Although I missed Atlanta's third-round pick, I did say in my projections that it was possible. I had Marcus Wilkins listed as a bubble player, and I projected him to qualify for the comp picks equation, which gave them an equal number of qualifying players signed and lost, making them eligible for only a net-value comp pick at the end of the seventh round. However, I did say, "If Marcus Wilkins does not qualify, Atlanta would receive a third-round comp pick for Patrick Kerney instead of a net-value comp pick in the seventh round. The third-round comp pick for Kerney would be between Cincinnati’s pick for Steinbach and Baltimore’s pick for Thomas." Wilkins did not qualify, and Atlanta's pick did indeed fall between the third-round picks given to Cincinnati and Baltimore. So my only mistake was not hitting the correct cutoff point for the minimum value needed to qualify.
The same mistake is why I missed Miami's seventh-round pick, athough I again had said it was possible. This time, the bubble players involved were Chris Liewinski and Mike Doss. I had projected that both of them would qualify, and that Indianapolis would receive a seventh-round comp pick for Doss. But neither of them qualified. In my projections, I said, "If neither Chris Liewinski nor Mike Doss qualify and Vinny Ciurciu does qualify, Miami would get a seventh-round comp pick for Jeff Zgonina between Chicago’s pick for Justin Gage and Cincinnati’s pick for Anthony Wright, Indianapolis would not receive a seventh-round comp pick for Doss, and Miami would keep its non-compensatory pick at the end of the seventh round." Ciurciu did qualify, and Miami's seventh-round comp pick for Zgonina fell right where I projected it. Miami did not get a non-compensatory pick at the end of the seventh round because 32 picks were awarded, and I mentioned in my projections that if the NFL awarded more comp picks than I had projected, the lowest picks in my projection would not be awarded.
The final pick I missed was the net-value pick for St. Louis. I didn't list St. Louis' players signed and lost in my projections because I didn't project a pick for the Rams. I had the Rams signing three qualifying players (Drew Bennett, Chris Draft and Todd Johnson) and losing three qualifying players (Kevin Curtis, Travis Fisher and Shaun McDonald), but I didn't have the difference in their combined values being enough to warrant a net-value comp pick. The NFL said the difference was enough. In this year's projections, I said the difference in net values for the net-value picks I projected for Detroit and Arizona would be the smallest of any net-value comp pick in the past six years. But after re-examining St. Louis' net-value pick that I missed last year, the difference for the Rams' players signed and lost appears to have been even smaller. That makes me feel more confident about my projections for Detroit and Arizona this year, but if neither of them qualify for a comp pick this year, it means I'll have to do a little more digging to figure out why.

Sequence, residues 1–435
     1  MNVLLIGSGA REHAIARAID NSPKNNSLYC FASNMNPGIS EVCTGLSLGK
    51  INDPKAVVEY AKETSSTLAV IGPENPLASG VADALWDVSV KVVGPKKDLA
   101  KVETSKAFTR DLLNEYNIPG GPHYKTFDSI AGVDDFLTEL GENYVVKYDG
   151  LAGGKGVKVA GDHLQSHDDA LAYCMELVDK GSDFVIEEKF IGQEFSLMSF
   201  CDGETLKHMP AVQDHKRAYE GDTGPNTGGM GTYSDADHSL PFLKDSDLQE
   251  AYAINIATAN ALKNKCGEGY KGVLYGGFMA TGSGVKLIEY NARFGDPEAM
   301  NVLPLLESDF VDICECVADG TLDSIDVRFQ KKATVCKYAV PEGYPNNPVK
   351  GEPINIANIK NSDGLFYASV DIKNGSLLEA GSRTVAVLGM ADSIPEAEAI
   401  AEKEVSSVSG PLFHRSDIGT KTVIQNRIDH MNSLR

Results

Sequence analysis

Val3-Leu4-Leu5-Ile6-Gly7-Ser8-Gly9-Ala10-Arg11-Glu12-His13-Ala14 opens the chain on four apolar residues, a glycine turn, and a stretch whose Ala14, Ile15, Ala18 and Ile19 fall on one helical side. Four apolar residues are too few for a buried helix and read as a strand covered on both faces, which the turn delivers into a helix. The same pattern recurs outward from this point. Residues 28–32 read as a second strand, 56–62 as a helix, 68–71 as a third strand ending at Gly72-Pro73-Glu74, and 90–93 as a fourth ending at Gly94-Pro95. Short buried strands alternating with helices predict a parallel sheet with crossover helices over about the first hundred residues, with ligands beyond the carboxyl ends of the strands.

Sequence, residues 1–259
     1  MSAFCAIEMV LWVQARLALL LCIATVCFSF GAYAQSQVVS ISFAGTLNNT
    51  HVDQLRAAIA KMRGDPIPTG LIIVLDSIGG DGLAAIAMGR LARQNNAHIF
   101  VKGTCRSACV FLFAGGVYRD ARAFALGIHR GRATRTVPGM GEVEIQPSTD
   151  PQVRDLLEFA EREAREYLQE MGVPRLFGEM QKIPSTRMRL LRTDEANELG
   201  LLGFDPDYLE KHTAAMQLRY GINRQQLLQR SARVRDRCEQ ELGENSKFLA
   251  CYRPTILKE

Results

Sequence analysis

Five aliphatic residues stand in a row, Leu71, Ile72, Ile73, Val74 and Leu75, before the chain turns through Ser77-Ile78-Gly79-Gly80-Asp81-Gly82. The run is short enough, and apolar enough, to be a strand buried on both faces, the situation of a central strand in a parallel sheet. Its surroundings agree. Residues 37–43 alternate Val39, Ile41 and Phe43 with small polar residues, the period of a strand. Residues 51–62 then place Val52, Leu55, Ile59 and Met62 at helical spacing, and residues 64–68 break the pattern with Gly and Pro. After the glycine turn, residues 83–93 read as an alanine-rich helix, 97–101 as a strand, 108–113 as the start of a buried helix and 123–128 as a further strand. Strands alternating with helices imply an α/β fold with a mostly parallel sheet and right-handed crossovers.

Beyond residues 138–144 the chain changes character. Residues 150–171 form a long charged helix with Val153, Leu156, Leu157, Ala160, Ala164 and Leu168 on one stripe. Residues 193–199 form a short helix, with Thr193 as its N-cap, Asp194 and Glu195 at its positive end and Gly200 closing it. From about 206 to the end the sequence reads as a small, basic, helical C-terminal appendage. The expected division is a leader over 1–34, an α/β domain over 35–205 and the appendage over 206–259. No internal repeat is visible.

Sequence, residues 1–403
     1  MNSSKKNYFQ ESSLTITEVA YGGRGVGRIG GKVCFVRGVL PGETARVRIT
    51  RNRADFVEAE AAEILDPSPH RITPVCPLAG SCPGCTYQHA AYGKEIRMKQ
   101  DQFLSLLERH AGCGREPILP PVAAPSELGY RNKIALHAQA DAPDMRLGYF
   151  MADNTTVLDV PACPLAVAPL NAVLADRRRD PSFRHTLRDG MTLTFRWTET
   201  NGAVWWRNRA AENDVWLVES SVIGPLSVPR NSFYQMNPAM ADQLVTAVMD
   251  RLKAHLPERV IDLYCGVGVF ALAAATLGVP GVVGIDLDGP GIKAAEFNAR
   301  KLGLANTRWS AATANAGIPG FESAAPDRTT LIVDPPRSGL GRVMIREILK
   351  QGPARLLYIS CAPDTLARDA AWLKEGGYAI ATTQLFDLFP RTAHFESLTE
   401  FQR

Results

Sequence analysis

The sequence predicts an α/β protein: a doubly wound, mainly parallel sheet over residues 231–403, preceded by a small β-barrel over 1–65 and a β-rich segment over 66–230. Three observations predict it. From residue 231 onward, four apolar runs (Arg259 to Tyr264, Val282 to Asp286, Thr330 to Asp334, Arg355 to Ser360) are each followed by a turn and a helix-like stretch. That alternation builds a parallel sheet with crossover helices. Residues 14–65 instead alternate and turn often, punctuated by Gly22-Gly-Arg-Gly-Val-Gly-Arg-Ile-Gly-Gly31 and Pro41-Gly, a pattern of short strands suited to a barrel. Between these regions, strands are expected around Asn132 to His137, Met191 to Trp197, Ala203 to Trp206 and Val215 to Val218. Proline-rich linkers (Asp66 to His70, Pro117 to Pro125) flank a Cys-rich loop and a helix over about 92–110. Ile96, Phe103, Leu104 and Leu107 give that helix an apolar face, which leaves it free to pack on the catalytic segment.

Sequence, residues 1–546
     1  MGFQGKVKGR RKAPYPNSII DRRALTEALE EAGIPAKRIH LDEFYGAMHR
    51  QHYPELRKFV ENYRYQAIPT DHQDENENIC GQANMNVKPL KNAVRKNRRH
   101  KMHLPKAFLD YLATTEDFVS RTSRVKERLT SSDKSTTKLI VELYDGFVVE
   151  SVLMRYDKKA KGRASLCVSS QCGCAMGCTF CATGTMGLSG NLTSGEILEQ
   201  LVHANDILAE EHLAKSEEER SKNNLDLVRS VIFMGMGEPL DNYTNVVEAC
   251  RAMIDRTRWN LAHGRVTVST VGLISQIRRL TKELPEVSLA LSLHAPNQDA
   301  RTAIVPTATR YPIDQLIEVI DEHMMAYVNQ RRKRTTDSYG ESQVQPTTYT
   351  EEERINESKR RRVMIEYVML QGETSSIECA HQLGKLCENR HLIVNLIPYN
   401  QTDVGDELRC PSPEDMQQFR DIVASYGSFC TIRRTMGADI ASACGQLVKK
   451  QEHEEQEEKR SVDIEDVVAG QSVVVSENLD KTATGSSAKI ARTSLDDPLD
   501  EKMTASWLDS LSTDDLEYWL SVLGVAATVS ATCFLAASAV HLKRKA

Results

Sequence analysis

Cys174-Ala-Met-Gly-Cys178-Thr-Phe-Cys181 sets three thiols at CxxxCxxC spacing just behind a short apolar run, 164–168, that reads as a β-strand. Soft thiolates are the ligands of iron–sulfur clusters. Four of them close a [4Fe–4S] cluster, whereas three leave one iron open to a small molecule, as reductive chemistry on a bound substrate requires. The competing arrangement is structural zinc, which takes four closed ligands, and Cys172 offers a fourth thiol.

Tuesday, March 10, 2009
As the NFL explains, compensatory picks are awarded to teams that lose more or better compensatory free agents than they acquire. The number of picks a team can receive equals the net loss of compensatory free agents, up to a maximum of four. Compensatory free agents are determined by a secret formula based on salary, playing time and postseason honors. Not every free agent lost or signed is covered by the formula.
Although the formula has never been revealed, by studying the compensatory picks that have been awarded since they began in 1994, I’ve determined that the primary factor in the value of the picks awarded is the average annual value of the contract the player signed with his new team, with an adjustment for playing time and a smaller adjustment for postseason honors. It should be noted that the contract values used in the equation seemingly do not include things such as workout bonuses, incentives and conditional bonuses. (Also, keep in mind that the contract figures reported in the media often are incorrect.) And the playing time used in the equation seemingly is the percentage of offensive or defensive snaps played.
A simple method of determining for which qualifying free agents a team will be compensated is this – for every player acquired, cancel out a lost player of similar value. For example, consider a team that loses one qualifying player whose value would bring a third-round comp pick and another qualifying player whose value would bring a sixth-round comp pick but signs a qualifying player whose value would be in the range of a third-round pick. That team would receive a sixth-round comp pick because the signed player would cancel out the loss of the higher-valued player. If the signed player’s value was equal to a fourth-round pick or lower, however, the team would receive a third-round comp pick, because the signed player would cancel out the loss of the lower-valued player.